gift registry

Calling All Tacky Brides!!

Monday, April 20th, 2009 | etiquette, media, Q&A, trends, weddings | No Comments

Ok…seriously…I know no one sets out to be a tacky bride. I know sometimes friends, families and retail establishments give engaged couples erroneous information & advice. After writing an etiquette column for many years…and having a website titled “ask” a wedding planner…many people do just that…It wasn’t a bride that asked the last question, it was a wedding guest that was perplexed by a wedding invitation they received:

“We have been invited to a wedding and on the invitation was told there would be a presentation basket at the reception. What is this? Thanks in advance.”


So I may as well tell you what I told them:
Typically a presentation basket is referring to money – which by they way is COMPLETELY tacky to reference on a wedding invitation. You should not feel obliged to give them money if you would prefer to give them a tangible gift. It is a complete etiquette no-no to reference gifts of ANY kind on the invitation – and registries & suggestions are merely there to make things easier for the guests – it is not appropriate to mandate what, if anything, you give as a wedding gift.

Hope that helps!

When it comes to gift registry cards, sending guests gift requests, having a cash bar before dinner, letting the tulle fairy throw up on you or your reception venue….JUST SAY NO!! When you look back on your wedding in 20 years…you’ll be oh-so-glad you did! :D

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The etiquette of gift registries

Friday, January 30th, 2009 | etiquette, media, Q&A | No Comments



Q: We recently went to register for our wedding and the store clerk offered us registry enclosure cards to include in our invitations. Is this acceptable? We were also a bit unsure what to register for. Help!


 A: No, no, a thousand times, no! It may seem helpful, but it is never acceptable to enclose a registry notice or gift wish list with your invitation. Never. Ever.

 One of the major etiquette dangers is the method of informing your guests

 about your registries. The stores themselves help perpetuate this

 etiquette no-no by offering you the offensive invitation enclosures.

 Your gift registry can be one of the most fun aspects of planning your

 wedding (“Here, honey, just point this gun at things and voila, they’re on

 our wish list!”) but it can also prove to be an etiquette minefield.

 The first major issue is the registry itself. Today’s engaged couples

 often have established households of their own, so a registry is an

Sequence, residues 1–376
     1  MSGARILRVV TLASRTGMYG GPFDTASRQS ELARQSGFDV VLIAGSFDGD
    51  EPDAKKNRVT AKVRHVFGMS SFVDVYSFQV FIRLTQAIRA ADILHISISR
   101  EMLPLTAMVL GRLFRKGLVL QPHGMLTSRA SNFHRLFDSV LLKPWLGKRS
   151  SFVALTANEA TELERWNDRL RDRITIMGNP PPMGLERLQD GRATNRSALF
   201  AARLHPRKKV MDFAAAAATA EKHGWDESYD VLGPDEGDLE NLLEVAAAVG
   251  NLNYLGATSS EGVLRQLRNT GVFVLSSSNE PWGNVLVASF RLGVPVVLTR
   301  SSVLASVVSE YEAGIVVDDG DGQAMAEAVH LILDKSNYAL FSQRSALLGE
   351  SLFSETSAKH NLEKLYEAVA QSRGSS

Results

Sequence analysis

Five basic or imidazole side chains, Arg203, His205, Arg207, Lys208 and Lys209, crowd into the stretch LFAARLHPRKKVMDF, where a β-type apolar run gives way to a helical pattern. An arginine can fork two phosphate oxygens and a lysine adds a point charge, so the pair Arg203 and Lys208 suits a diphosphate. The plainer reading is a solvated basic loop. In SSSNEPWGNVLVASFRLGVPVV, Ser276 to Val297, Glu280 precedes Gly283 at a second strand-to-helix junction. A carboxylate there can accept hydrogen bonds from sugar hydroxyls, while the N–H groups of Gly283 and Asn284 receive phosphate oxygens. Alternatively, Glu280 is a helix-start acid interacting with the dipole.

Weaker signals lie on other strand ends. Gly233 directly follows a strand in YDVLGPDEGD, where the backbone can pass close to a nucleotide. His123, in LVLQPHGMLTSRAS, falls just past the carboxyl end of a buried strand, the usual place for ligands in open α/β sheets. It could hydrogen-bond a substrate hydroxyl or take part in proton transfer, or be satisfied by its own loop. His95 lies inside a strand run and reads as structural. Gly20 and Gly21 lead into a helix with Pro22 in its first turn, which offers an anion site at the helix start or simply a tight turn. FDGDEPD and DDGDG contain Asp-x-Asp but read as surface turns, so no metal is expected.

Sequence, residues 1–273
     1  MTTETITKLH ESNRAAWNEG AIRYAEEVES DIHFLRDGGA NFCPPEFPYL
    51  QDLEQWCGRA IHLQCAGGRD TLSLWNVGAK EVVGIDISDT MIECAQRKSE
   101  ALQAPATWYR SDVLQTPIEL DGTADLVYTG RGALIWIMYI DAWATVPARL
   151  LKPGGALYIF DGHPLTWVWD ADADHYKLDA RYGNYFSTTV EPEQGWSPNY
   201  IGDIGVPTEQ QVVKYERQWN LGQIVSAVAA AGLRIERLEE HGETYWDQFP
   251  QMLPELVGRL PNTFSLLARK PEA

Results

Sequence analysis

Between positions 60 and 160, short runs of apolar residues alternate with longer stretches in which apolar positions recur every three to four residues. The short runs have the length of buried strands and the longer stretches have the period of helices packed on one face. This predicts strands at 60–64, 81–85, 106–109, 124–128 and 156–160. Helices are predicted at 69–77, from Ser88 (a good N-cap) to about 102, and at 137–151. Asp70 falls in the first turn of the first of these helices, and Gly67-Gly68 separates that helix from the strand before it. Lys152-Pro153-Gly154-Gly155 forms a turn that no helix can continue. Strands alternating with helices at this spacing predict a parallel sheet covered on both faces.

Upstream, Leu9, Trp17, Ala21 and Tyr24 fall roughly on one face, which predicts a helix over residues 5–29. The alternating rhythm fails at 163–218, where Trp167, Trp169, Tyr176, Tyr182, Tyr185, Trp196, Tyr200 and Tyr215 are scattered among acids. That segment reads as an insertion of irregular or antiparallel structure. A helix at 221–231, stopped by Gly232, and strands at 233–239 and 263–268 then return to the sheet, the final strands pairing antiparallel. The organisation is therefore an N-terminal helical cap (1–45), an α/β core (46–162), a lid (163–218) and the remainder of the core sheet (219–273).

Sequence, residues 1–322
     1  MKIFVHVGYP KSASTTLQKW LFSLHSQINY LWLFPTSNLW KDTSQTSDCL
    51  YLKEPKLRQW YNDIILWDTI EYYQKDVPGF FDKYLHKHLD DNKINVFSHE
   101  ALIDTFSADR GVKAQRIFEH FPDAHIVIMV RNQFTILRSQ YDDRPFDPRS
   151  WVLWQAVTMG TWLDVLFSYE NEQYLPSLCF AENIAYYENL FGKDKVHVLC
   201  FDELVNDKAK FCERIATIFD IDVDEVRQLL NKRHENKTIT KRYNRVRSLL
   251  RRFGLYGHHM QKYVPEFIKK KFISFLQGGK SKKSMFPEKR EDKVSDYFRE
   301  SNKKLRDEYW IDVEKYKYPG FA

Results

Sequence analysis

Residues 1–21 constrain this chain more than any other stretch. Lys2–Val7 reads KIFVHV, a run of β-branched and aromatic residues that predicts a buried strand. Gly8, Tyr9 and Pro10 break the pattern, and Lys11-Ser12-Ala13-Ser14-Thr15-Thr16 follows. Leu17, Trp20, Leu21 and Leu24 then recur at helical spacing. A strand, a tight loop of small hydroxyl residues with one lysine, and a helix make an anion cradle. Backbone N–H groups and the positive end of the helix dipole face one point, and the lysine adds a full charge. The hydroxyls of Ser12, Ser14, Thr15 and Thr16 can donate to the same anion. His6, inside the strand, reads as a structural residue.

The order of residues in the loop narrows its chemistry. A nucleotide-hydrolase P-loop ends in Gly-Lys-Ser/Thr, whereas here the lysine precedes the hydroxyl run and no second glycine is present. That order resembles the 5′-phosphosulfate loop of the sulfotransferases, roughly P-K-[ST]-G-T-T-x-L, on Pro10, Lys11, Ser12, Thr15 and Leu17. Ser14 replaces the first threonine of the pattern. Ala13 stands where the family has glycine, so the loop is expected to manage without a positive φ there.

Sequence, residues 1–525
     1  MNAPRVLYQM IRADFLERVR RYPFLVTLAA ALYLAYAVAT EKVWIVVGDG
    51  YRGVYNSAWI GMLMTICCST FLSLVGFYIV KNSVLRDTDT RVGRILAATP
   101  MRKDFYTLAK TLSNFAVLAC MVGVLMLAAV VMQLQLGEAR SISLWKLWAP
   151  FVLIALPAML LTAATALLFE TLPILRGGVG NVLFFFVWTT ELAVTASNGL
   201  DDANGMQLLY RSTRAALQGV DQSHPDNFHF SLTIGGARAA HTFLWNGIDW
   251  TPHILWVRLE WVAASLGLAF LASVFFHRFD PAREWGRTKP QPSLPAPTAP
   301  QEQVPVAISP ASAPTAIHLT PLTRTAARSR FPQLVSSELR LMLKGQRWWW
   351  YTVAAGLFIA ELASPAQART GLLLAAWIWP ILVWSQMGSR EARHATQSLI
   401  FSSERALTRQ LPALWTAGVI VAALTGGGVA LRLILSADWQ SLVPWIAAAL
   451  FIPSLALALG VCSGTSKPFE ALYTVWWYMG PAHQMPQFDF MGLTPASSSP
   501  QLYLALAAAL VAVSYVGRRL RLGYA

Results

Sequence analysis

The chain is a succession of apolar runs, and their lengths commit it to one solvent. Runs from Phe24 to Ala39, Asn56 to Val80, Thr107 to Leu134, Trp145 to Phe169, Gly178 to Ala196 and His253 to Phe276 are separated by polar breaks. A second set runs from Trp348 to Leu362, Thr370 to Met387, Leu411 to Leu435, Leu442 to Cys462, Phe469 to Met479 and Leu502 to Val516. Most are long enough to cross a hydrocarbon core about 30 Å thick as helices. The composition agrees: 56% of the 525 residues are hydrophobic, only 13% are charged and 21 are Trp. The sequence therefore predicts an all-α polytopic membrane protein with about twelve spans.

excellent way for your guests to know what you actually need (Oh look!

 Another toaster! Everyone needs four toasters, don’t they?). Make sure you

 think carefully about what you actually need and make a wish list that is

 agreeable to both you and your partner.

 Your guests have different budgets, so register for items in a variety of

 price ranges. You cannot expect all of your guests to spring for that $400

 food processor, or that they will be happy buying you one teaspoon because

 at $100 a piece it is the only thing on your registry they can afford. A

 thoughtful gift registry gives everyone the opportunity to buy you

 something you will love.

 These days, it is also perfectly acceptable to register for nontraditional

 items such as hardware, sporting goods, charitable donations, or, yes,

 even the honeymoon. Keep in mind, though, that although lifestyle gifts

 are appropriate, some people are going to prefer giving you something


 You may prefer to receive money, which is traditional in many cultures, or

 contributions to your honeymoon fund, but you cannot tell your guests what

 to give you. It is just not polite to request gifts of ANY kind. Giving a

 wedding gift is the socially acceptable thing to do – but no one is really

 obligated to buy you a gift. Informing your guests what kind of gift you

 would like at the same time you are inviting them to your wedding is like

 telling them the gift is more important than their attendance.

 The way to let people know where you’re registered is via word of mouth.

 Make sure your bridal party and family know where you are registered or if

 you have a preference for a more non-traditional gift. Then you have to

 wait until someone asks where you are registered, and just cross your



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